Paul Richter and Tommy Tomlinson alternated between K.C. and L.A. with mail, testing the Douglas Transport DC-1, NC223Y, for several months in all weather conditions. Tommy said they nearly froze to death. Dec. 27, 1934, Jack Frye was named President and Paul Richter became Vice President. In 1935, Richter was elected an associate to the "Institute of Aeronautical Science" and had logged 3107 hrs. solo flight time, "an incredible number of hours for a 10 year period by an airline executive." RR. Also in 1935, "Tomlinson set 8 world records and 11 speed records in the TWA Gamma, NC223Y. His last of 40 tests was on April 30, 1935, a west to east Transcontinental record of 11 hours 5 min." Col. Fred Betts, TWA historian. In 1936 Richter was elected to the TWA board of directors.

Read TWA's 'Skyliner' publication from November, 1936. Here

See the DC2 owned by the Museum of Flight in Seattle, Washington. Here

TWA ...was the 1st domestic airline to take delivery of the superb Stratoliner and later the Constellation. As with the DC-1, DC-2, Boeing "Stratoliner" and DC-4, Paul Richter was instrumental in the development of the "Constellation," the forerunner of all modern airliners.

Other TWA first Here

The Boeing 307B, 'Stratoliner'
"Richter headed a group to Boeing to design the model 307, the Stratoliner"...
"The flat-bellied "Stratoliner"rendered obsolete the Flying Boat."
TWA 1936
Boeing 307B Stratoliner
In Jan. 1937, TWA signed the contract for 5 of the 4 engine Boeing 307B Stratoliners. June 27, 1940 Richter took the 1st flight BUR to NYC. July 8, 1940, TWA inaugurated service coast to coast in 13 hrs. 40 min. with pressurized cabins and an industry 1st, in-flight audio entertainment. It had only been 12 years earlier, with rave reviews, "Standard Air Lines" air-rail connection reduced the N.Y. to L.A. time from 81 to 70 hrs. Above facts contributed by Harold Hyne, TWA historian.

Read TWA's 'Skyliner' publication from April 30,1940 Here and July 15, 1940. Here

In 1939, Richter and Frye convinced Howard Hughes, a friend from the 1920s, to invest in TWA. At that time Richter and Frye owned 6% of the company. Together with Hughes they gained controlling interest due to TWA Board of Director Leland Hayward, LA movie producer/director. The remainder of stock was widely held. Hughes's initially acquired 12% and continued to accumulate shares during WWII unbeknownst to the TWA top men who went to war. To this point Hughes's involvement with TWA was the development of the "Constellation". Not until late 1946 with his controlling interest did Hughes decide to be active in TWA management for the first time.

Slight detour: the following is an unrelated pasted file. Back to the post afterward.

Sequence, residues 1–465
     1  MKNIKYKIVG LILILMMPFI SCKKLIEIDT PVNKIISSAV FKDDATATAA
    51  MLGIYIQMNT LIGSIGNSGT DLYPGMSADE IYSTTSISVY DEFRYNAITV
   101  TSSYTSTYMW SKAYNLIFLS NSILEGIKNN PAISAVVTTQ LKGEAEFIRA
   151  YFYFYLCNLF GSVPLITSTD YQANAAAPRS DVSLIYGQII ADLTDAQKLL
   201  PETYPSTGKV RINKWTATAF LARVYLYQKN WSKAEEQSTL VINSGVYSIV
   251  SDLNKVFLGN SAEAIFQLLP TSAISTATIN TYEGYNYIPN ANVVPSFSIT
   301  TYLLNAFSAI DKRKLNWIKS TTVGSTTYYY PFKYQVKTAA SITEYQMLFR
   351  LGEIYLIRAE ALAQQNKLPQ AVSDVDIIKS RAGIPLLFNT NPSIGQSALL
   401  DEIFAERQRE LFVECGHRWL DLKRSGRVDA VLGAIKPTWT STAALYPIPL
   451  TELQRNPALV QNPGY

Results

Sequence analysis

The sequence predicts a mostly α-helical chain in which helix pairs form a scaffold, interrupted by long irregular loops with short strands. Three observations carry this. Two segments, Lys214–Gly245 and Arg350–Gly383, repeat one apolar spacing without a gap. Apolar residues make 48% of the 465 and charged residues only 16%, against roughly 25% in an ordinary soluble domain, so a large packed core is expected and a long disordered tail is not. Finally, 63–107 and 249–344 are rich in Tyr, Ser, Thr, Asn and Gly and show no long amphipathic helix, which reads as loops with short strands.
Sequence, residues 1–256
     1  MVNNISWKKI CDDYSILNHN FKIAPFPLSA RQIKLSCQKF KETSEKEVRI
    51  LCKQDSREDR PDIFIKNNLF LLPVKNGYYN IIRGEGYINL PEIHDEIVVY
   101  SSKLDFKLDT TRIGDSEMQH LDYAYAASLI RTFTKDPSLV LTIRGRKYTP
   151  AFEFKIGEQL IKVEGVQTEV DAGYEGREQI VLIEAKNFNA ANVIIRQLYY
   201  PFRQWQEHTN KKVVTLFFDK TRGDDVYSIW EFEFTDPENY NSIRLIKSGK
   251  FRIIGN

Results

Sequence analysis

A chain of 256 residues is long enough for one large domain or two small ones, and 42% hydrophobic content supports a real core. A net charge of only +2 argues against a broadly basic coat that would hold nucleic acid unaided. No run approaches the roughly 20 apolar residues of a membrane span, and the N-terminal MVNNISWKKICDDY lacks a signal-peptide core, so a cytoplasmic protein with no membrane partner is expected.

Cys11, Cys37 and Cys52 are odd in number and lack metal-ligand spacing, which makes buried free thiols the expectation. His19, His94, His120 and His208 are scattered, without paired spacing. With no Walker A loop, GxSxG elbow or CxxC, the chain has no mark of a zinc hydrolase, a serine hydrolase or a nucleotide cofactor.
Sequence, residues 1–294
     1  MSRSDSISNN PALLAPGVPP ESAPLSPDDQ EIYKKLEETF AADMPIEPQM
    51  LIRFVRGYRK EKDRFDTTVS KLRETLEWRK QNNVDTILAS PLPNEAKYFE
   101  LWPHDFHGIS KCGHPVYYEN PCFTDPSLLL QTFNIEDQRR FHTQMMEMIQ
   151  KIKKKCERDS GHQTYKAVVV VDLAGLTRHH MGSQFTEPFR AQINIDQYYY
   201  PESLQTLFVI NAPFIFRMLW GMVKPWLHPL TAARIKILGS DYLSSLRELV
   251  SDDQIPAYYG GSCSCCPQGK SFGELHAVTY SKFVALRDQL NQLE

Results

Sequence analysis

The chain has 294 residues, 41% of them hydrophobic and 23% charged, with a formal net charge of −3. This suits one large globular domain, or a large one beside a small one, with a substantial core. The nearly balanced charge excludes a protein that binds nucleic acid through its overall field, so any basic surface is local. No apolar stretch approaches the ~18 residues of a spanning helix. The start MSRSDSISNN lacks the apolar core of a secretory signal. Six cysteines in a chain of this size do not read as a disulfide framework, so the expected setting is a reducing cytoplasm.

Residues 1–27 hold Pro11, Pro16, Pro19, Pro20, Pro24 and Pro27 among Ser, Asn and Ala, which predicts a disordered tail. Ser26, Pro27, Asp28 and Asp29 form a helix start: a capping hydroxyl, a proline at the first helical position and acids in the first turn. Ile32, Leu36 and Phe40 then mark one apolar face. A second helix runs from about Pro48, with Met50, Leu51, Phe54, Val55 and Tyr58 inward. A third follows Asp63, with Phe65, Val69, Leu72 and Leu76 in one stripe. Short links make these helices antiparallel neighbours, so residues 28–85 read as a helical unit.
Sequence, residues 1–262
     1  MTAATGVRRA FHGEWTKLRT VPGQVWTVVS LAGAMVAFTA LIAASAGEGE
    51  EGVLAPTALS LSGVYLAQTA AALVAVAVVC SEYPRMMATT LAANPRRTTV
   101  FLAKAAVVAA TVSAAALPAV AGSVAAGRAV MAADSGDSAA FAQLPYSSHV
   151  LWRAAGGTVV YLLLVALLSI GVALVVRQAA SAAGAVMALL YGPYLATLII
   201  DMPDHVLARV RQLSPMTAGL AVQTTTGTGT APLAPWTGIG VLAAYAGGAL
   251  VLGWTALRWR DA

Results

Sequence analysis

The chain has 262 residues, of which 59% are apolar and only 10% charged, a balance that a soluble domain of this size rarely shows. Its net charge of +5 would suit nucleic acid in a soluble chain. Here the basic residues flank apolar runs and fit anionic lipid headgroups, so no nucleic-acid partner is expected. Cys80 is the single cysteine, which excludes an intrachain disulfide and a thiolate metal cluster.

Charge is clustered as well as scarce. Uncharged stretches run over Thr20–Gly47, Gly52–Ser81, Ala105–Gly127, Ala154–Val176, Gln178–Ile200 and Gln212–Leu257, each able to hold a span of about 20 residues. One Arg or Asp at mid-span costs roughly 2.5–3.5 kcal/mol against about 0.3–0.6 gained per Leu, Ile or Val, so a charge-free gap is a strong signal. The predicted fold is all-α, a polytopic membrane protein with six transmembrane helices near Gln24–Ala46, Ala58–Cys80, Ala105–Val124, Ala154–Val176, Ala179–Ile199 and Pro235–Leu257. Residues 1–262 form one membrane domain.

"Some of the improvements pioneered while Richter held a key executive post are the Douglas Transports, Boeing Stratoliner, the "homing" radio direction finder and anti-range static radio antenna, deicers, the written flight plan and navigation log, air brakes or landing flaps, automatic pilots and many other revolutionary improvements. All the above were introduced while Richter was progressing from Sup. of Operations to Vice Pres. in charge of Operations to Executive Vice president in charge of all departments of the airline."
Nov. 1940, TWA-Between Calls, by Johnny Graves.

Paul E. Richter Jr. is "known throughout the aviation industry for his passion for safety." Herb Preeg

Amazing insight from Paul Richter, TWA Executive Vice President,
named a "practical visionary," far ahead of his time in 1941.
Paul Richter sitting at his desk
"An Airline Executive Talks about the Tomorrow of Aviation"
by J.D. Bowersock (The Kansas City Star's Aviation Editor) December 07, 1941

... "What the human mind can conceive of we can eventually do, so the possibilities of the future in aviation are almost unlimited," ... "A mind conceived the steamboat and while everyone laughed at the idea they went down and watched it work and they were amazed. A mind conceived the railroad train, met the same public result at the start, but they came, they saw and they were amazed. "The Wright brothers conceived of the airplane and we happen to live in the generation fortunate enough to watch its remarkable progress from that day back in 1903 when the "most foolhardy" stunt of all took place. The public was amazed then and is being amazed today ... And so, with feet cocked up on a table, we listened to the careful thinking, far-seeing Paul Richter, as he talked of the "tomorrow in aviation"...

Read the article. Here

"Paul was one of TWA's "Million Mile" pilots, he maintained his currency throughout his life."

The Lockheed "Constellation"
"They wanted to pioneer and aviation was the newest frontier." RRH

On April 16, 1944 TWA flew their first 'Lockheed Constellation' 049, and then promptly delivered it to the military. This airliner was the forerunner of all modern passenger planes. It enabled TWA to establish the world's 1st regularly scheduled Trans-Atlantic passenger service.